Male      –              length:  120 – 160cm; tail:  60 – 86cm; mass:  25 – 45kg (average 32kg)

Female –              length:  100 – 120cm; tail:  50 – 60cm; mass:  12 – 20kg (average 16kg)

Identification Pointers

  • Fairly large size
  • Long, dog-like snouts in adults
  • Uniform grey to grey brown colour
  • Males considerably larger than females
  • Nearly always in troops, very rarely solitary males

These are highly gregarious and social species that live in troops of 15 to sometimes 100 or more.  Baboons are considered to be strictly diurnal, retreating to trees of cliff roots before sunset.

Baboons are omnivorous, but will eat young antelopes, hares, mice, and birds if encountered.  Hunting is an almost exclusively male activity.  Baboons are occasionally responsible for stock losses.

Feeding pattern:

  • Lambs are ripped open
  • Feeding starts at the milk stomach
  • Access is obtained by tearing the flank
  • Eat in a messy way
  • Intestines are removed and the skin is torn in such a way to provide access to the rump
  • The animal is skinned towards the neck and head area
  • Ribs, kidneys, liver, lungs and heart are also eaten

Farmers Weekly, 18 November 2016 

The success of the virtual fence (VF) activated in Gordon’s Bay in January 2016 to keep baboons out of town could result in the use of technology in the Karoo, where baboons have become a major threat to sheep.   Click here for the full snippet.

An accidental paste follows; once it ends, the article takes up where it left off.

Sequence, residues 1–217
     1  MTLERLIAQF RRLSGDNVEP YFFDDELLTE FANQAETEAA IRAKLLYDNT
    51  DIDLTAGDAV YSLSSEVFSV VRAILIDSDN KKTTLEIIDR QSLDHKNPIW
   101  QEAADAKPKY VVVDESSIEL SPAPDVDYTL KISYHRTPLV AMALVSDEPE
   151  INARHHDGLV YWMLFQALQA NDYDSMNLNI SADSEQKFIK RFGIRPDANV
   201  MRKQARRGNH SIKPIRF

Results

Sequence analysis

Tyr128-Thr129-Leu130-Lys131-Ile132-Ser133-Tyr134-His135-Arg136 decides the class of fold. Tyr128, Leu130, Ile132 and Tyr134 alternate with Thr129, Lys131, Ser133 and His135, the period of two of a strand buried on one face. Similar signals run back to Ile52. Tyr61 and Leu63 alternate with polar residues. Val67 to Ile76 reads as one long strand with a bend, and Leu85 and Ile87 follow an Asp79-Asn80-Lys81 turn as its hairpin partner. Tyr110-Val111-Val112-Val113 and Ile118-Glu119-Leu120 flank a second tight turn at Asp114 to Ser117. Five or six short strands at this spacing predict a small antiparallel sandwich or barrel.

In general, experimentation has shown that baboon population management is particularly difficult compared to that of other species.  For one thing, baboons are highly intelligent, agile animals and they are adept at circumventing non-lethal barriers, including minders, fencing, and light and noise deterrents that aim to frighten them.


  • Control and management
  • Electric fencing
  • Sound and light deterrents



Consult the relevant authorities about the necessary permits:

  • Cage traps
  • Trapping
  • Shooting

Baboons are a protected species in the Western Cape, in terms of the CapeNature Conservation Laws Amendment Act, 2000, Ordinance 19 of 1974.  According to CapeNature’s hunting notice, a farmer may only shoot two baboons a day on his land.  A farmer needs a permit if he wants to shoot more than the daily bag limit or use a trap to manage baboons.  If caught in a cage trap, the animal should be euthanized in a humane manner.


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